• “ collective unconscious”
        • Set of primal memories common to the human race (existing below conscious mind)
        • Archetypal images (like sun, moon, fire, night, blood) trigger the “c.u.”
    • Important to link text to other texts with similar or related archetypal situations
  • 15. Sociological Criticism
    • Examines literature in the cultural, economic, and political context in which it is written or received
      • Art not created in a vacuum
      • Relationship between author and society
        • Social status of author
        • Social content of a work (values presented)
        • Role of audience in shaping literature
  • 16. Sociological cont’d…
    • Marxist criticism
      • Economic and political elements of art
      • Explores ideological content of literature
      • Content determines form; therefore all art is political
      • DANGER: imposing critic’s politics on work in question can sway evaluation based on how closely (or not) the work endorses ideology
      • VALUE: illuminates political and economic dimensions of literature that other approaches may overlook
  • 17. Gender Criticism
    • Examines how sexual identity influences the creation and reception of literary works
    • Began with feminist movement
      • Influenced by sociology, psychology, and anthropology
      • Feminist critics see a world saturated with “male-produced” assumptions
      • Seek to correct imbalance by battling patriarchal attitudes
  • 18. Gender cont’d…
    • Feminist criticism analyzes how an author’s gender influences ideas
    • Also, how sexual identity influences reader
      • Reader sees text through eyes of his or her sex
    • Examination of social forces responsible for gender inequality
  • 19. Gender cont’d…
    • Gender criticism expands beyond original feminist perspective
      • Different sexual orientations
      • Men’s movement
        • Not rejection of feminism, but a contemporary rediscovery of masculinity
  • 20. Deconstructionist Criticism
    • Rejects traditional assumption that language can accurately represent reality
      • Language fundamentally unstable
      • Literary texts, therefore, have no fixed meaning
    • “ Signs” cannot coincide with what is “signified”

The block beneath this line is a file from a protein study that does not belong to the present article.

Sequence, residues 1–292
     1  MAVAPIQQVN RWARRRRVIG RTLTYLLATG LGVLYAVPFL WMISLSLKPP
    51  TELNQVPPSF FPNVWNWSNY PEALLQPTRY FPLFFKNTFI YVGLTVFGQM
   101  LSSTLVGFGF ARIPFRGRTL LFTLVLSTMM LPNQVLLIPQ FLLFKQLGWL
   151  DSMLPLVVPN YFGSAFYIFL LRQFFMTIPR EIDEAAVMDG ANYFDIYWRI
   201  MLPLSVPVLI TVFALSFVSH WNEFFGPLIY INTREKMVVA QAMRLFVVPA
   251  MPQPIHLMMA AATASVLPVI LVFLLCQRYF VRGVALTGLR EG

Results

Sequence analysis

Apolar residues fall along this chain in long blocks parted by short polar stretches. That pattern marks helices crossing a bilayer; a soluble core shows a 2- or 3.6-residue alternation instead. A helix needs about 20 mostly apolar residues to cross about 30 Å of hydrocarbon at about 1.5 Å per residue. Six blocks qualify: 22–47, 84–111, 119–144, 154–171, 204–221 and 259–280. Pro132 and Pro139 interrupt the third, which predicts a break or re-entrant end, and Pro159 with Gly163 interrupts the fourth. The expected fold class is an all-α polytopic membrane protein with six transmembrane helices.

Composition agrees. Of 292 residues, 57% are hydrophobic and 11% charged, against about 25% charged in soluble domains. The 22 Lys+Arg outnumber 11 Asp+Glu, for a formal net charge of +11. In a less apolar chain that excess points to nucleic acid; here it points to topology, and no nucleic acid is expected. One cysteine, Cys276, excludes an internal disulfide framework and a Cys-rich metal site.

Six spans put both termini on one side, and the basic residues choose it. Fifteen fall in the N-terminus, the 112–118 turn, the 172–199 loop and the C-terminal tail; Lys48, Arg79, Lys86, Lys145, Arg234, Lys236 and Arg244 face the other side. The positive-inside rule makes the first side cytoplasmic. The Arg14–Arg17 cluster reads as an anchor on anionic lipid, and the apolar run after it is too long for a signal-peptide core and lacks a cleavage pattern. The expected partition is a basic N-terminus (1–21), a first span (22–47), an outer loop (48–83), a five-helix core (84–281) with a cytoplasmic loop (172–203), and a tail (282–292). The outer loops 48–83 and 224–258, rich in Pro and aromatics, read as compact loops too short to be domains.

• i.e., the actual expression ≠ what’s being expressed
  • 21. Deconstructionist cont’d..
    • Attention shifts from what is being said to how language is being used in a text
    • Paradox: Deconstructionist criticism often resembles formalist
      • Both involve close reading
    • BUT: decon. critics break text down into mutually irreconcilable positions
  • 22. Deconstructionist cont’d..
    • REJECTION of myth that authors control language
      • Roland Barthes and Michel Foucault call for the “death of the author”
        • No author, no matter how brilliant, can fully control the meaning of a text
        • They have also called for death of literature as a special category of writing
          • Merely words on a page; all texts equally untrustworthy
          • Therefore, literature deserves no status as art
    • No truths; only rival interpretations
  • 23. Cultural Studies
    • Relatively recent interdisciplinary field of academic study (not solely associated with literary texts)
    • Not a study of fixed, aesthetic objects, but of DYNAMIC SOCIAL PROCESSES
      • Challenge: to identify and understand the complex forms and effects of the process of culture
  • 24. Cultural Studies cont’d…
    • DEEPLY anti-formalist
      • Investigates complex relationship among history, politics, and literature
      • Rejects notion that literature exists in an aesthetic realm separate from ethical and political categories
    • A political enterprise that views literary analysis as a means of furthering social justice
    • Commitment to examining issues of race, class, and gender as well as “shifting” the canon
  • 25. Credits
    • Kennedy, X.J. and Gioia, D., eds. Literature: An Introduction to Fiction, Poetry, and Drama . Eighth edition. New York: Longman, 2002.
    • All images courtesy of Google Images
  • 26. THE END
    • Deconstructionist, Jacques Derrida
    • 1930-2004
    • Or is it…?